h5tovtk - convert datasets in HDF5 files to VTK format
h5tovtk [OPTION]... [HDF5FILE]...
h5tovtk is a program to generate VTK data files from multidimensional datasets
in HDF5 files. VTK, the Visualization ToolKit, is an open-source, freely
available software system for 3D computer graphics, image processing, and
visualization. VTK itself is a programming library, but it is also the basis
for a number of end-user graphical visualization programs.
HDF5 is a free, portable binary format and supporting library
developed by the National Center for Supercomputing Applications at the
University of Illinois in Urbana-Champaign. A single h5 file can
contain multiple datasets; by default, h5tovtk takes the first
dataset, but this can be changed via the -d option, or by using the
1d/2d/3d datasets are converted into 3d VTK datasets. Normally, a
single scalar VTK dataset is output, but vectors and fields can be output
via the -o option below.
A typical invocation is of the form ´h5tovtk
foo.h5´, which will output a VTK data file foo.vtk from the data in
Send bug reports to S. G. Johnson, email@example.com.
Written by Steven G. Johnson. Copyright (c) 2005 by the Massachusetts Institute
- Display help on the command-line options and usage.
- Print the version number and copyright info for h5tovtk.
- Verbose output.
- -o file
- Save all the input datasets to a single VTK file. If there is only
one dataset, it is output to a VTK scalar dataset; if there are three
datasets, they are output as a VTK vector dataset; all other numbers of
datasets are combined into a VTK field dataset.
Otherwise, the default behavior is to save each dataset to a
separate VTK file, with the .h5 suffix of the input filename replaced by
.vtk in the output filename.
Only three-dimensional datasets may be written to the VTK
file. If you have a four (or more) dimensional data set, then you must
take a three-dimensional "slice" of the multi-dimensional
data. To do this, you specify coordinates in one (or more) slice
dimension(s), via the -xyzt options.
- -1, -2, -4
- Use 1 , 2, or 4 bytes to store each data point in the output file. Fewer
bytes require less storage and memory, but will decrease the resolution in
the values. -1 will break up the data values into one of 256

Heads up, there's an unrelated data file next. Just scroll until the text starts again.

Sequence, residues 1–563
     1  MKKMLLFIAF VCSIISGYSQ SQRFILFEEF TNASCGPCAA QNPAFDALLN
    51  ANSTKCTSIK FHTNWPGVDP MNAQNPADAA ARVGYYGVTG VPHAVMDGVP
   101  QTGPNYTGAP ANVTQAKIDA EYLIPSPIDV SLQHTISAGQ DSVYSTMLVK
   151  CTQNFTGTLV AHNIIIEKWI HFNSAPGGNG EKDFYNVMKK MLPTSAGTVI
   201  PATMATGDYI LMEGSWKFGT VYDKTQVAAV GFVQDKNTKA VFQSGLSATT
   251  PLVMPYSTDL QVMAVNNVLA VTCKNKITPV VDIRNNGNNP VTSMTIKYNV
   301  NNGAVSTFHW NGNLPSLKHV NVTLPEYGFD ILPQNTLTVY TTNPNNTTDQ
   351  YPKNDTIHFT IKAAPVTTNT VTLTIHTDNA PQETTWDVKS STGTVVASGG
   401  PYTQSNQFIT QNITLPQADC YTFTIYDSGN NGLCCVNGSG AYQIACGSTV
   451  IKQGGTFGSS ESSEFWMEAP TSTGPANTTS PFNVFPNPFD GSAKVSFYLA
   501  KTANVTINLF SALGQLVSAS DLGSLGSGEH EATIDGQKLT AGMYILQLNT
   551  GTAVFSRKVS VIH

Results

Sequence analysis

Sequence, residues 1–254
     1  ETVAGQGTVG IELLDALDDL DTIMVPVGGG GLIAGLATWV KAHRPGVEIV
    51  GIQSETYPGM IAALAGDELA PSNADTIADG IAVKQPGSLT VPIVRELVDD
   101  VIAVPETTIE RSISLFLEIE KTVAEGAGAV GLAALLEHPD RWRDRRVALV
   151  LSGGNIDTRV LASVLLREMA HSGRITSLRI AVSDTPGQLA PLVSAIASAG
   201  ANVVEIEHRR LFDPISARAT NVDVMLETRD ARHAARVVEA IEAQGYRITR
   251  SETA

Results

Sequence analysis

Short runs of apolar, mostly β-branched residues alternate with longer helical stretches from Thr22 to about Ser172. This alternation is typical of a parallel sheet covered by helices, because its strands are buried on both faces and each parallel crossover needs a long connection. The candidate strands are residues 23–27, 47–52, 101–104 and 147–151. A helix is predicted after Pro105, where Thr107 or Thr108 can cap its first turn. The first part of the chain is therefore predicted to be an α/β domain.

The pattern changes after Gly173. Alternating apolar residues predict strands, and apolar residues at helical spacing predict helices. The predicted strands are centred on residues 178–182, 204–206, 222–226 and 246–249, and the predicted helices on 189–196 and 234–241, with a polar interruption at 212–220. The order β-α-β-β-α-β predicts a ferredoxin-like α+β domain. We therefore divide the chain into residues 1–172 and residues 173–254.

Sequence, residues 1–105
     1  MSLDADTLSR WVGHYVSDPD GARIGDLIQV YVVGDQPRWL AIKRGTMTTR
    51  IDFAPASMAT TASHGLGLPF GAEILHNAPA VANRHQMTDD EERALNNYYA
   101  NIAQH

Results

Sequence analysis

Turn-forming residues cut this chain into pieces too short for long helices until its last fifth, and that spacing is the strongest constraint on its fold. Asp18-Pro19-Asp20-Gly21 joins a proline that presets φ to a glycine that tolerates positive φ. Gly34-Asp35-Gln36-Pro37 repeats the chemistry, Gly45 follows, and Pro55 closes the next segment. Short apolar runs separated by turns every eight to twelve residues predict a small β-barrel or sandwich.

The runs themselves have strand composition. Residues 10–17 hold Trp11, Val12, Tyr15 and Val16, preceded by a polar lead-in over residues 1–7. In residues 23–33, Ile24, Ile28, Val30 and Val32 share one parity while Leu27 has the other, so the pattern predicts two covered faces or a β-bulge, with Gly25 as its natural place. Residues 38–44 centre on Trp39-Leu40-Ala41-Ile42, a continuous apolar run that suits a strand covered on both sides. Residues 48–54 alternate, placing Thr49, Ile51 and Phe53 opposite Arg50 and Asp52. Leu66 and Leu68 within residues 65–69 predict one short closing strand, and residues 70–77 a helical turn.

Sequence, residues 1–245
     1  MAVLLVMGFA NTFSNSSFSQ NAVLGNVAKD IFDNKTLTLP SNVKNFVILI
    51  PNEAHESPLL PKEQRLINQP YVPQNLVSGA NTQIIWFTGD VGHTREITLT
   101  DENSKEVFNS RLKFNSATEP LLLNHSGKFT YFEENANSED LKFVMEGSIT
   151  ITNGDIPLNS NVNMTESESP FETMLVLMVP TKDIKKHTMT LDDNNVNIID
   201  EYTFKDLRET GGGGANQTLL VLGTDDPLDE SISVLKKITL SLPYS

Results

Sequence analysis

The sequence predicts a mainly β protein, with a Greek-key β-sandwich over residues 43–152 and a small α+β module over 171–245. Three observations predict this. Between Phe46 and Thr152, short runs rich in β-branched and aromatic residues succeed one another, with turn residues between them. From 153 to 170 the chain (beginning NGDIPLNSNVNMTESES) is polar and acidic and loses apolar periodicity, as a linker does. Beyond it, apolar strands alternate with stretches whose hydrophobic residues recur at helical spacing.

possible values (on a linear scale from the minimum to the maximum value
in your data), -2 will allow 65536 possible values, and -4
(the default) will use 4-byte floating-point numbers for an
- Output in ASCII format; otherwise, VTK's more compact, but less readable
and somewhat less portable binary format is used.
- For binary output (see -a above), by default the data is written in
bigendian byte order, which is normally the order that VTK expects.
However, some external tools and a few VTK classes use the native byte
ordering instead (which may not be bigendian), and the -n option
causes h5tovtk to output binary data in the native ordering.
- -m min, -M max
- When -1 or -2 are used, the input data are converted to a
linear integer scale. Normally, the bottom and top of this scale
correspond to the minimum and maximum values in the data. Using the
-m and -M options, you can make the bottom and top of the
scale correspond to min and max instead, respectively. Data
values below or above this range will be treated as if they were
min or max respectively. See also the -Z option.
- For -1 or -2 output, center the linear integer scale on the
value zero in the data.
- Invert the output values (map the minimum to the maximum and vice
- -x ix, -y iy, -z iz, -t
- This tells h5tovtk to use a particular slice of a multi-dimensional
dataset. e.g. -x uses the subset (with one less dimension) at an x
index of ix (where the indices run from zero to one less than the
maximum index in that direction). Here, x/y/z correspond to the
first/second/third dimensions of the HDF5 dataset. The -t option
specifies a slice in the last dimension, whichever that might be. See also
the -0 option to shift the origin of the x/y/z slice coordinates to
the dataset center.
- Shift the origin of the x/y/z slice coordinates to the dataset center, so
that e.g. -0 -x 0 (or more compactly -0x0) returns the central x plane of
the dataset instead of the edge x plane. (-t coordinates are not
- -d name
- Use dataset name from the input files; otherwise, the first dataset
from each file is used. Alternatively, use the syntax
HDF5FILE:DATASET, which allows you to specify a different dataset
for each file. You can use the h5ls command (included with hdf5) to
find the names of datasets within a file.
Visit the GSP FreeBSD Man Page Interface.
Output converted with ManDoc.